Friday, January 24, 2014

Your First Drum Set

Truth is, your first drum set probably won't be your last. And, unfortunately, it may not even be suitable. A musical instrument is a very personal item, and the chance of latching on to the ideal kit on the first go is somewhat remote.

On the plus side, drums from a decent maker these days will be good instruments, and whether new or used, upscale or entry level, they will deliver good performance and hold their value fairly well compared to ‘cheap’ sets.

So the first question is, should you buy new or used?

It's a personal choice really. Some people simply want something that's new. New instruments have the latest features and quality enhancements. They always carry a warranty, and may even come with a guarantee from the seller. The stores I frequent all have a 'satisfaction guarantee' that gives me up to 30 days to return an item if it's not suitable. Buying new also means you get exactly what you want. So, new is good. And if you can’t find the brand and/or configuration you want in the used market, new might be your only option.

Used drums, on the other hand, can be a great bargain, and they let you instantly 'trade up' in quality. A drum set sheds about half its value once it leaves the shop, and if the original buyer loses interest and decides to sell, that’s good news for the bargain hunter. On the down side, you won't know how the drums have been treated. Some drummers are quite abusive (although I'm sure they would call it something like 'spirited'). Drums are very rugged, but they have limits. Cymbals, even moreso. Still, you’ll get more for your money and also lessen the financial blow with used stuff.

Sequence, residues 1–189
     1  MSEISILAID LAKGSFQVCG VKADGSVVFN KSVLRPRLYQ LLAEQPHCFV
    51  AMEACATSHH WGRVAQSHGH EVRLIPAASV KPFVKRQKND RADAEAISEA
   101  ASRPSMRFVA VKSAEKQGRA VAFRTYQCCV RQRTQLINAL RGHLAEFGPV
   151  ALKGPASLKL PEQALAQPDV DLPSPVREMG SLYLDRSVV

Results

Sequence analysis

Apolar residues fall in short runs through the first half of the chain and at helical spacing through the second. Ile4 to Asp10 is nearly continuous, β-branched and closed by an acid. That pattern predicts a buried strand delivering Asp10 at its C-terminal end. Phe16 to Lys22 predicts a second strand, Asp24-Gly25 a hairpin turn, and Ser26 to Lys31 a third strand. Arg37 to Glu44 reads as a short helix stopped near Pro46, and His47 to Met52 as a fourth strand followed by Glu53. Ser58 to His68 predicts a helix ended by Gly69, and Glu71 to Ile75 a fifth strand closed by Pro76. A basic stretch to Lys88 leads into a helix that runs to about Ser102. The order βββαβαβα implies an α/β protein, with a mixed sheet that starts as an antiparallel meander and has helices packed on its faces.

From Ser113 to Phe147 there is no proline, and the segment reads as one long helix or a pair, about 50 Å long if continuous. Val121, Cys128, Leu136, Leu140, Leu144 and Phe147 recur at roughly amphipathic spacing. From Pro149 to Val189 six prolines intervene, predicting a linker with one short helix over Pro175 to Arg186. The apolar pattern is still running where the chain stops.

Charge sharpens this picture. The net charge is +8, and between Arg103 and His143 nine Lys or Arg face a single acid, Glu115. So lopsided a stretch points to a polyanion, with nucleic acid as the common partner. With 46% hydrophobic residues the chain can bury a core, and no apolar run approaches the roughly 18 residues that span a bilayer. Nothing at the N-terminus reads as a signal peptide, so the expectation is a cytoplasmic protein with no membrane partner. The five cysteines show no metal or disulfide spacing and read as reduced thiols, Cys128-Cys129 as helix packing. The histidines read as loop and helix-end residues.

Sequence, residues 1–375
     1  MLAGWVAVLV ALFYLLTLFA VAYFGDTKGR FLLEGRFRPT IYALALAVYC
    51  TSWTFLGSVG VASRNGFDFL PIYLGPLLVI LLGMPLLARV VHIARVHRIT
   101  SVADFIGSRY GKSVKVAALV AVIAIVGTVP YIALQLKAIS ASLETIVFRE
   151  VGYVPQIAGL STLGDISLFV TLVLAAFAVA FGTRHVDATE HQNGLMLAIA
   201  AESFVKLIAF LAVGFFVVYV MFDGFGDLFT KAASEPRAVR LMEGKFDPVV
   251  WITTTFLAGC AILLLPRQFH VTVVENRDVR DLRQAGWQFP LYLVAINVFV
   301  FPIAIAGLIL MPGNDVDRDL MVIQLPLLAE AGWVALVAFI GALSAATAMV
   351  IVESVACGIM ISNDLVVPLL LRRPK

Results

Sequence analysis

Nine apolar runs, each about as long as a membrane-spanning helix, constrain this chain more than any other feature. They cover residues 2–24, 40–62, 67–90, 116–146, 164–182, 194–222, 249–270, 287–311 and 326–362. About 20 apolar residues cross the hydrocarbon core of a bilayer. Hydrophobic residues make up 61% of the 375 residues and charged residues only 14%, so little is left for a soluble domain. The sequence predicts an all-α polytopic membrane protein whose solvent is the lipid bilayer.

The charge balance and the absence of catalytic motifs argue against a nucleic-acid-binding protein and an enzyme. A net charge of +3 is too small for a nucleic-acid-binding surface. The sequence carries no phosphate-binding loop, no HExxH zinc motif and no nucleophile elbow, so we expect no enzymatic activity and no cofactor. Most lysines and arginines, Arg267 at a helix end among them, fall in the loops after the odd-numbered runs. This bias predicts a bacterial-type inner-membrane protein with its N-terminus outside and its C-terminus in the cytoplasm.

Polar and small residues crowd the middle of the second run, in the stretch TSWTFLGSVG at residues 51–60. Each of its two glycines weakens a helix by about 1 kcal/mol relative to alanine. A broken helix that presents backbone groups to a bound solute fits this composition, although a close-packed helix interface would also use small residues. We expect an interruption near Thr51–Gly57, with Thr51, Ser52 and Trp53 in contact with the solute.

What about budget? One savvy musician gave this advice: “Save up a lot of money and buy the best equipment you can find. Then save up a lot of money and buy the best equipment you can find. Then save up a lot of money ….” (I believe it was John Entwhistle.)

The message here is to buy the highest quality instruments you can afford at the time, and then start saving for your next upgrade. Keep in mind that a bargain isn't a bargain if the item is hard to tune, hard to play, falls apart, or you just don’t like it -- so quality is a prime issue. And while you're enjoying your quality set, you should be already thinking about enhancements and/or improvements.

As your playing develops, it’s likely that your tastes will change. So will your needs and your style of playing. That may force a decision: try to adapt your current set or look for something else. My choice is always to get more stuff. Nothing wrong with having two (or more) contrasting setups, if the budget and floor space permit. 

As for choosing cymbals, well that’s an entirely different topic.-rb

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